Interaction between a Non-thermal Plasma and a Flame

M. S. Cha*, S. M. Lee, K. T. Kim, S. H. Chung

*Corresponding author for this work

Research output: Contribution to journalArticlepeer-review

1 Scopus citations

Abstract

Interaction between non-thermal plasmas and flames has been experimentally investigated. Diffusion flames and dielectric barrier discharges (DBD) with a wire-cylinder type were considered. A burner consisted of round type fuel nozzle and concentric coflow confinement. Since the burner was used as a plasma reactor at the same time, it was made of quartz tube. Along the centerline of the burner, stainless steel wire of 1 mm diameter was protruded as a high voltage electrode. Firstly, the effects of flames on electric discharges were investigated in terms of discharge onset voltages and delivered powers to the reactor. As results, vigorous streamers were observed along with a flame owing to the elevated temperature. As a gas temperature increases gas density decreases simultaneously, which resulted in an increasing reduced electrical field (=E/n). The seeding of free electrons and ions generated by the flame also could affect to the enhanced plasma conditions. Secondly, the effects of streamers on flame behaviors were investigated. Flame lengths were significantly shortened as the applied voltage increased owing to the effect of intense mixing by the ionic wind and the electrically induced flow of soot. The yellow luminosity of a diffusion flame from the radiation of soot were also significantly reduced with increasing applied voltages, which can be resulted from the reduction of soot or decreasing flame temperature. To clarify the dominant mechanism, we measured the temperature of burnt gases, the concentration of major species, and the spatial distribution of OH radical, PAH (Poly-Aromatic Hydrocarbons), and soot. Flame temperatures and the concentration of major species measured by thermocouple and FTIR (Fourier Transform Infrared Spectrometer), respectively, were not changed with the plasma generation, which demonstrates that over-all chemistries of combustion are not affected by non-thermal plasmas. However, from the results of PAH and soot distributions measured by LIF (Laser Induced Fluorescence) and LII (Laser Induced Incandescence) technique, respectively, we could conclude that the formation of soot is strongly affected by the non-thermal plasma.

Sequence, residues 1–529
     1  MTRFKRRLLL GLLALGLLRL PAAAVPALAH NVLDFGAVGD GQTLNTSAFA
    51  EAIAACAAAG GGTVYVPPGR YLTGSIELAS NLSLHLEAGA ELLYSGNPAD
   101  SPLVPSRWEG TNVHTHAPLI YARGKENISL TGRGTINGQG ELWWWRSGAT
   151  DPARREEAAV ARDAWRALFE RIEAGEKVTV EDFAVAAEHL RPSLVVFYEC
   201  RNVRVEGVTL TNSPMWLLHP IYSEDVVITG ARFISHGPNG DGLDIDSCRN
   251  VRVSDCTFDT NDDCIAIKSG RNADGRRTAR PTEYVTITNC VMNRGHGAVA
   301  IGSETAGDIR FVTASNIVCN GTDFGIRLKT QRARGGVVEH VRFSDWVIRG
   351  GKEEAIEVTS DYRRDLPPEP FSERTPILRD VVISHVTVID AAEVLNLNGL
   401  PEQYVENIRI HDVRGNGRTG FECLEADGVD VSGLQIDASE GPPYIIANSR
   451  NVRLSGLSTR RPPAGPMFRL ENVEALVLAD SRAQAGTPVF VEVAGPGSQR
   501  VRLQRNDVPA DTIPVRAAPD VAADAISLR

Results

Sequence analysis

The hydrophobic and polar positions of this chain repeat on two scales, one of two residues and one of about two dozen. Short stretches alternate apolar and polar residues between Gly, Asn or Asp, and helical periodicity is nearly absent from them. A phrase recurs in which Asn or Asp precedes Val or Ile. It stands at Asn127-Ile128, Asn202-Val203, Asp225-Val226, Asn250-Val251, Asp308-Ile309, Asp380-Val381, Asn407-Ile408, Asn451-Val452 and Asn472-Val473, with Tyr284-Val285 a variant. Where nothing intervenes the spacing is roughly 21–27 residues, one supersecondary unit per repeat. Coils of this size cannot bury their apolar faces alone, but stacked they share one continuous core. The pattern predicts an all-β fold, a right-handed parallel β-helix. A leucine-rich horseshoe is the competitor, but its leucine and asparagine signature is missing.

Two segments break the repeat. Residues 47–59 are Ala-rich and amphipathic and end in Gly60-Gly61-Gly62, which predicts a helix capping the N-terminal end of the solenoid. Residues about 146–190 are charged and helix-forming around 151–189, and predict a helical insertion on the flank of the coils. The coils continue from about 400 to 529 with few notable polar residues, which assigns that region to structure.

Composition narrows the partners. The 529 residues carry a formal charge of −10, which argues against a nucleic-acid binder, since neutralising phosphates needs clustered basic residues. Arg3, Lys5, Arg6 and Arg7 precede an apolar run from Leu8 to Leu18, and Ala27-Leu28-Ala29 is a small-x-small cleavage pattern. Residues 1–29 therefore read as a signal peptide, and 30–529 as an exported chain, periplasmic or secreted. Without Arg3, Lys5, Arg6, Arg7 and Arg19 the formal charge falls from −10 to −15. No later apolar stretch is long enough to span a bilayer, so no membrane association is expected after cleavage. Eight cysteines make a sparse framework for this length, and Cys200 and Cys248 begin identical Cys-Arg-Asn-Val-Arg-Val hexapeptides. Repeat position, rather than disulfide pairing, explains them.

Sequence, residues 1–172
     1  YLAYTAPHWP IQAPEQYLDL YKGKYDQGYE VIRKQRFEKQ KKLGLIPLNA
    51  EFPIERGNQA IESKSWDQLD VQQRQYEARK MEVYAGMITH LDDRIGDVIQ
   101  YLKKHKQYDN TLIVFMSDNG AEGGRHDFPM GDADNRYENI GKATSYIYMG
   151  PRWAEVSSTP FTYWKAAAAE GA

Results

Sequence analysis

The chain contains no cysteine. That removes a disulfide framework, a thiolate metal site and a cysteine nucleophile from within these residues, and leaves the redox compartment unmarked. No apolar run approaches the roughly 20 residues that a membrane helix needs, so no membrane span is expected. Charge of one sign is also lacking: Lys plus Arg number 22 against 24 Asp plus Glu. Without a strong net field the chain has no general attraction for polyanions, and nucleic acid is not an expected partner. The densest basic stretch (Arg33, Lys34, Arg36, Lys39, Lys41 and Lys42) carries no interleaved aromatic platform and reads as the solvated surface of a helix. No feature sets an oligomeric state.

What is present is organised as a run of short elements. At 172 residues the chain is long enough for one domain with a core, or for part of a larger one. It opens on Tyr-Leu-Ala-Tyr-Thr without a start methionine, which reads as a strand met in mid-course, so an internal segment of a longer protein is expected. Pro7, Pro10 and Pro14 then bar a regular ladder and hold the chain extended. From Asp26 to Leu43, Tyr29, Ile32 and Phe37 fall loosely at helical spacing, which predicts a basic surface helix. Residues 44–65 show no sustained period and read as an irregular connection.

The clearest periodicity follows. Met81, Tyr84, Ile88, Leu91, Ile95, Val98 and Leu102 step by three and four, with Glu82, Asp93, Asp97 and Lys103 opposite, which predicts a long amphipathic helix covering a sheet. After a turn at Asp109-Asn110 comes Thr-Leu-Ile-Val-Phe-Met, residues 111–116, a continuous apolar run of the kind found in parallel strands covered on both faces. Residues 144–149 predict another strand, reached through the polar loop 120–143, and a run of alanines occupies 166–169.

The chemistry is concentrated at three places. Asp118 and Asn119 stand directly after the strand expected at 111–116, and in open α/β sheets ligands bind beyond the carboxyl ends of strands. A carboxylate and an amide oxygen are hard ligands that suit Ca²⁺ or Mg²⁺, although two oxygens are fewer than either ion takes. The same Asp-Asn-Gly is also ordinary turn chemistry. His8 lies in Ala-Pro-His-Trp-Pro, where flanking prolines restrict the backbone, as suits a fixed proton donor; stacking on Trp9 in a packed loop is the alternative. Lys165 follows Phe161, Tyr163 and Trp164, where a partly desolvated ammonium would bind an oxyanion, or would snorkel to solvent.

Original languageEnglish (US)
Pages (from-to)288
Number of pages1
JournalIEEE International Conference on Plasma Science
StatePublished - 2003
Externally publishedYes

ASJC Scopus subject areas

  • Atomic and Molecular Physics, and Optics
  • Condensed Matter Physics
  • Electrical and Electronic Engineering

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